Susannah had been written off as an alcoholic..under too much stress…partying too much etc. Actually, she had a “very rare” brain disorder that was very hard to treat. Her suffering broke my heart. But, hope took its place. Diagnosed in 2013 with bipolar disorder and suffering with depression all my life, her story hits close to home. It definitely made me wonder about my situation.
Every once in awhile a movie is made or a book is written that gives you chills or changes your life forever. It was heartbreaking to see her suffering, but it was also refreshing to see something real and tangible when it comes to mental illness diagnosis. Chloe Moretz really played this role and I believe it will catapult her acting career. She definitely has versatility, being so young and “up and coming” in Hollywood. This movie just proves that when you get the right doctor and the support of your family, anything is possible!!
I won’t give all the good stuff away. (No spoilers.)
I encourage you to check this movie out. Grab your tissue. Open a dialogue about mental illness. Share your story and keep pushing for your breakthrough!! Your future is not blocked. You got this!! There will be brighter days.
The movie follows Ross McKenzie on his journey to discover the reasons for his mental breakdown in his early twenties.
Diagnosed with bipolar disorder, Ross’ psychiatrist told him he would live with the disorder for the rest of his life and that he would have to take lithium to control symptoms. To Ross, taking the drug daily felt like a chemical lobotomy, leaving him in a foggy, drug-induced haze. Ross ultimately decided to resolve his symptoms outside of conventional medicine. He progressively reduced his use of the psychotropic drug lithium, at an experimental clinic in Costa Rica. What ensued was a self-exploration into alternative treatments to treat his condition and a journey delving into the root cause of his mental breakdown.
The film uses Ross’ personal experiences to tell a larger story about medication. It will reveal how we are labelling more and more people with mental illnesses and how, in tandem, we are prescribing more and more toxic psychotropic drugs to treat these illnesses.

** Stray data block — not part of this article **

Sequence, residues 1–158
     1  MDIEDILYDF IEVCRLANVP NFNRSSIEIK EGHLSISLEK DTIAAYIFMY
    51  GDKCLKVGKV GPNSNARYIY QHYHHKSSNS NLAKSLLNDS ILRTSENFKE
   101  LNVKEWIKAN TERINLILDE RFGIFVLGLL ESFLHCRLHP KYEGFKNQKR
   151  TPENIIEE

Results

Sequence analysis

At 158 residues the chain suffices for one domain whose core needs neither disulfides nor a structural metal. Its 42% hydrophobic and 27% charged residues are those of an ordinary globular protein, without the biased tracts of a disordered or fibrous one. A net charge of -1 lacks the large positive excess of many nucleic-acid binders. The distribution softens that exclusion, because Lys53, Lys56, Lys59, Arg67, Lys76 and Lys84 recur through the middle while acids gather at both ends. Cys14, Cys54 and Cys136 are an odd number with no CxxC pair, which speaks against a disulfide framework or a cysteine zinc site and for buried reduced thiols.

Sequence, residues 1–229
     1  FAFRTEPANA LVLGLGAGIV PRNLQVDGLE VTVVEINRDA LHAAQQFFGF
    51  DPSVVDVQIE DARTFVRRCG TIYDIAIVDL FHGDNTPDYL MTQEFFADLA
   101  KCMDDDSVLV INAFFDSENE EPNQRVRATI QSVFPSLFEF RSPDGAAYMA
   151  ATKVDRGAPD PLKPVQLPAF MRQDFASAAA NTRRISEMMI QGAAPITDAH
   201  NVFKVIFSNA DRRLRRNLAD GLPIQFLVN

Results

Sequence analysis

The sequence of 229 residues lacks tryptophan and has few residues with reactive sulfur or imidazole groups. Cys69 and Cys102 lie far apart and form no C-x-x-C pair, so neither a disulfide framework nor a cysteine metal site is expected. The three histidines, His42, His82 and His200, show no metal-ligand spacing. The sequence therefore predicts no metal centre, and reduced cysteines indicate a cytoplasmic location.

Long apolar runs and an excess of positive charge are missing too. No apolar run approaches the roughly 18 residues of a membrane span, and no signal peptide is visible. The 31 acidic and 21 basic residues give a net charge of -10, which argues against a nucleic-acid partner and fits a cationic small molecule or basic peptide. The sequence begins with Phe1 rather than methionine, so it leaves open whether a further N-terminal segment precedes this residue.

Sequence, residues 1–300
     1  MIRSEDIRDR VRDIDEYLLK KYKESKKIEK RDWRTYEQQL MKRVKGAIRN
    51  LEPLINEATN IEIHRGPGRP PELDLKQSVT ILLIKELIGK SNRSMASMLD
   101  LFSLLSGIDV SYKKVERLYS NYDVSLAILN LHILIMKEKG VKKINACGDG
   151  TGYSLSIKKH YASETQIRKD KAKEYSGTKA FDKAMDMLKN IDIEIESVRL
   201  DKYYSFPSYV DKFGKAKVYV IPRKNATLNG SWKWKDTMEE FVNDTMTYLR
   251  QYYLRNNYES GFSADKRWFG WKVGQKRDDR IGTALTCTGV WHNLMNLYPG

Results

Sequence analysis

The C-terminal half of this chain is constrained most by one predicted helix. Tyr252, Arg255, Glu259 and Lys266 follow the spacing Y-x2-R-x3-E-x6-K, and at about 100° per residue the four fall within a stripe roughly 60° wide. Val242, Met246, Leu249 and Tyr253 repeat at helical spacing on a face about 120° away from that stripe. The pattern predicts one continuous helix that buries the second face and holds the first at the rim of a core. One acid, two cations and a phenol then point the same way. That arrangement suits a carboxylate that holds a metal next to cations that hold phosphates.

BIPOLARIZED weaves together a series of interviews with activists, psychiatrists and other psychiatric survivors who have challenged the status quo as well as recounts some of the alternative therapies Ross uses to maintain his mental, emotional and physical health.
His strength is made perfect in weakness.
2 Corinthians 12:9
“The only thing that matters is the ending.” Mort Rainey
(2004) starring Johnny Depp and John Turturro, directed by David Koepp (also wrote Panic Room). The story is based on the book by Stephen King.
Johnny Depp stars as Mort Rainey, a reclusive heartbroken writer suffering from writers block who is being terrorized by a menacing stranger accusing him of plagiarism.
Secret Window is one of my all-time favorite psychological thrillers. It is a terrifying edge-of-your-seat story that will keep you guessing until the very end. I picked this movie for this weeks review because it is timeless and its a clear example of what can happen to the mind when one traumatic event changes the course of your life. I always say, ‘there is a fine line between truth and reality.’ We are all capable of unspeakable terror when we are pushed to the limit. No one is exempt!
Stephen King is a genius at bringing the literary world to life. Johnny Depp truly captures the essence of suspense in every scene. His performance is classic! John Turturro also gives a lot of depth to his passion for writing. So the question is: Is his character “Shooter” just a wild figment of Mort’s imagination or does he really exist?
His strength is made perfect in weakness.
2 Corinthians 12:9
On a scale from 1 to 10 I give it a 7. Truly a fascinating story! Infinitely Polar Bear is the story of a bipolar individual (Mark Ruffalo) who takes over sole responsibility for his two spirited daughters while his wife (Zoe Saldana) attends graduate school in New York.
The 1st time I watched it I was speechless. I decided to watch it again to really tune in to the experience of what its like for a family coping with a mentally ill father. The movie gives a multi-dimensional look into what it feels like to go completely manic only to come crashing down and fall into severe depression. The story takes place in 1960s Boston.
However, I wouldn’t advise watching it while kids are present until you see it first. Aside from the bad language it really gave range into the acting ability of Zoe Saldana. Movies like this are powerful for up and coming actors/actresses because it takes them out of their comfort zone into unknown territory. Mark Ruffalo gave an awesome performance as well! The storyline was very raw and relevant for 21st century mental illness sufferers. Every bipolar experience is different and this one was timeless. I would recommend it for people who suffer from the extreme highs of bipolar disorder. You can watch this one for free at http://putlocker.com
His power is made perfect in weakness.
2 Corinthians 12:9